A fire at Big Bend National Park that has burned for nearly a week has grown to at least 863 acres.
The National Park Service, which oversees the park in Far West Texas, said Monday that much of the fire is located in the “sky island” in the high Chisos Mountains.
The blaze has “left a patchy mosaic of scorched, burned, slightly singed, and untouched areas across the South Rim to Emory Peak, and into the lower Boot Canyon drainage,” officials said, adding that about two-thirds of the fire became stagnant after reaching rocky terrain or the edges of cliffs.
On Sunday, Diablos Firefighters contained the fire on the western edge and Mount Taylor Hotshots secured flames at Emory Peak, officials said. A helicopter was also brought in to drop buckets of water.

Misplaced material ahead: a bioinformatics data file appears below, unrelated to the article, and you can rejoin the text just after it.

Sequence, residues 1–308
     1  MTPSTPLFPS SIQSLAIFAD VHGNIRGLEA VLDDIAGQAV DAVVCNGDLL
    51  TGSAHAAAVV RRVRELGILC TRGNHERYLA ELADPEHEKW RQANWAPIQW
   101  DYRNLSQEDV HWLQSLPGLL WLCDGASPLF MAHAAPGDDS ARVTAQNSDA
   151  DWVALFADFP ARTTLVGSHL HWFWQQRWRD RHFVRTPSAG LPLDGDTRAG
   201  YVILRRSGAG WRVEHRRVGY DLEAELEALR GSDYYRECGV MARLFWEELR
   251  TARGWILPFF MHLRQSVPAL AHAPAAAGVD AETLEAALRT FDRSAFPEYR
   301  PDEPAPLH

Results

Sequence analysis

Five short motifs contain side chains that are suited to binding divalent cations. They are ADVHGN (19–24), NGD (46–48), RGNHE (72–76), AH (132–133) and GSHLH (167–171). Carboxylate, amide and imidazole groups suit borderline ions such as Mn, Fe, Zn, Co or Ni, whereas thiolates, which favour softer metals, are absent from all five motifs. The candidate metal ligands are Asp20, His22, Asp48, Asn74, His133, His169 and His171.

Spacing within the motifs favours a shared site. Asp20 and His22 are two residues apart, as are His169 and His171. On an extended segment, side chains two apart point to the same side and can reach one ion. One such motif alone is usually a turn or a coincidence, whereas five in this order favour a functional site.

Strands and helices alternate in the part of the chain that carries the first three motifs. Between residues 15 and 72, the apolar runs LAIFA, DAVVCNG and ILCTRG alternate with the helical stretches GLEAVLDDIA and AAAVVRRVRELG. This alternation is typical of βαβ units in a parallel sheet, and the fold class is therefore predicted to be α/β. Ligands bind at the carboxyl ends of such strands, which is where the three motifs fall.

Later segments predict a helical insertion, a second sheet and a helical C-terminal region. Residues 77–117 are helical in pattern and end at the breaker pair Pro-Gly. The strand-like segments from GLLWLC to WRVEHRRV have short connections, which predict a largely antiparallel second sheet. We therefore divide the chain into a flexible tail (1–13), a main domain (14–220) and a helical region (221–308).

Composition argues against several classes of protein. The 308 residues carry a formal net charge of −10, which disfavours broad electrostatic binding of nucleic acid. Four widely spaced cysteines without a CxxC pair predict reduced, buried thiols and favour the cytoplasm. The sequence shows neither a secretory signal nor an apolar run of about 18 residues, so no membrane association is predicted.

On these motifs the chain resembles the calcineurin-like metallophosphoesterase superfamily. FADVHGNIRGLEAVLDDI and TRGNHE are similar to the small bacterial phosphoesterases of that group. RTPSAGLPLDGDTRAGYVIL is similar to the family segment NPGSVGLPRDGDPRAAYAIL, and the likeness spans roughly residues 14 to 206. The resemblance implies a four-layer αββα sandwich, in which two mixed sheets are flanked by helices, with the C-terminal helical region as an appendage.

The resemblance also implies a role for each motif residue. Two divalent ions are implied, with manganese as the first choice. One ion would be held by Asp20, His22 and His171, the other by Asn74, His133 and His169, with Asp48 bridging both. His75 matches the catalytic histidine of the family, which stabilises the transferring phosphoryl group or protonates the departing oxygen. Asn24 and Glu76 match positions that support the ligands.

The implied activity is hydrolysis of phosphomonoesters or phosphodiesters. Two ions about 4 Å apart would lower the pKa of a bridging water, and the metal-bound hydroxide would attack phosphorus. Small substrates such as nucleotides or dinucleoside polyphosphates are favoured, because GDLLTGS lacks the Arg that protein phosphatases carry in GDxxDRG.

The fire extended east and reached the summit plateau of Toll Mountain by Sunday evening, officials said.
On Monday, firefighters were at the lower Boot Canyon and Toll Mountain.
The cause of the fire is unknown, but officials said it is believed to have started near a “popular backcountry campsite.”
“The Chisos Mountain woodlands are home to a variety of plants and animals, many of which are found nowhere else in the United States,” park officials said in a news release. “These high-elevation desert woodlands have been shaped by wildfire for thousands of years and depend upon fire to keep them healthy and resilient. Many of the areas currently burning have not seen fire for 70 years or more.”
As a result of the flames, the park has closed the Chisos Basin, including the Window and Lost Mine trails.
Officials on Monday said the fire had not spread to the Chisos Basin developed area.